Saturday, March 24, 2007
Fallacies of Public Perception
I recently got a great comment from a nameless fellow blogger that seemed to be a perfect example (despite the massive run-on sentence) of some of the misinformation that I hear too often about downtown real estate.
Prices are dropping too! I know you're on the inside, but I'm one of those young up and comers so to speak that these lofts are suppose to target, yet no one I talk to would move downtown including me and I work downtown and look at these everyday.
I consider prices dropping to mean that something actually sold for more than it will later. Buyer's who visit lofts with me can attest to my beliefs that some lofts are overpriced. In 2005, there was a fork in the road, so to speak, where a group of developer's continued on doing what they had been doing for the past several years regarding new construction pricing. (See my post back then, Loft Pricing: 401) A newer group of loft developers sort of tested the market that year with limited success. What the heck, it was a boom year. Why not?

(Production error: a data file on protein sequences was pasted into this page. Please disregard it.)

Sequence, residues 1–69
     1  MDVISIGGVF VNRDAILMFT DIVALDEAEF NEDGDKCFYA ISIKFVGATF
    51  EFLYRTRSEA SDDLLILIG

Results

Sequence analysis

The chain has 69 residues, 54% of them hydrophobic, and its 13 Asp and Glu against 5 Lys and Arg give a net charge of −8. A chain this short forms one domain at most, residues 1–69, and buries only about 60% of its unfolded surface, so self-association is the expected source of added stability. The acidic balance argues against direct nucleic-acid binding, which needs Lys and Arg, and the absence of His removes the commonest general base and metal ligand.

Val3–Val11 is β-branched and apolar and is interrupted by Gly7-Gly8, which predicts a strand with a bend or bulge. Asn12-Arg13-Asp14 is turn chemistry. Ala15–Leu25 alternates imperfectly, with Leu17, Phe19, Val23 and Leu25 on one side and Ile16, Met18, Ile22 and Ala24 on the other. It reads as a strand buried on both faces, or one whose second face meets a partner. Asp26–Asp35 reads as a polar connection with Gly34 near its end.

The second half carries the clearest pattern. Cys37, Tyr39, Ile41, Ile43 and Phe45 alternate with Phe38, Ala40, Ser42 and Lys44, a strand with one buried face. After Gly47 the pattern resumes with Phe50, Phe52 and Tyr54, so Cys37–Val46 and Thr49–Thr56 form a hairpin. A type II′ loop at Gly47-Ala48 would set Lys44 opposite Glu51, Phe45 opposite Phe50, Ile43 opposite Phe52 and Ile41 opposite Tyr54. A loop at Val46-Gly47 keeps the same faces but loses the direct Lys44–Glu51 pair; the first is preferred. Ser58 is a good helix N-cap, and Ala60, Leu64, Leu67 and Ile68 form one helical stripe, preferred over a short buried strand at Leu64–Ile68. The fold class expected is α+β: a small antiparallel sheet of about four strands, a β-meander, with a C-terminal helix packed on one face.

What happens in St. Louis real estate? The market rate seems to slowly increase.
To say that the prices are dropping to me means that the market rate has dropped. That happens with gas, bananas and beer, but not usually real estate. To see artificially high "list prices" drop does not mean that pricing has dropped. It just means that someone is trying to get real.
Point 2, Are lofts being built for the next generation? My answer would be officially, "sort of, but mostly not."
To me, some of the developers that are really trying the "youth marketing" thing are the same ones that are over-pricing, under-sizing, and not doing as well in the numbers game.
Despite all this, the urban renaissance in St. Louis marches on.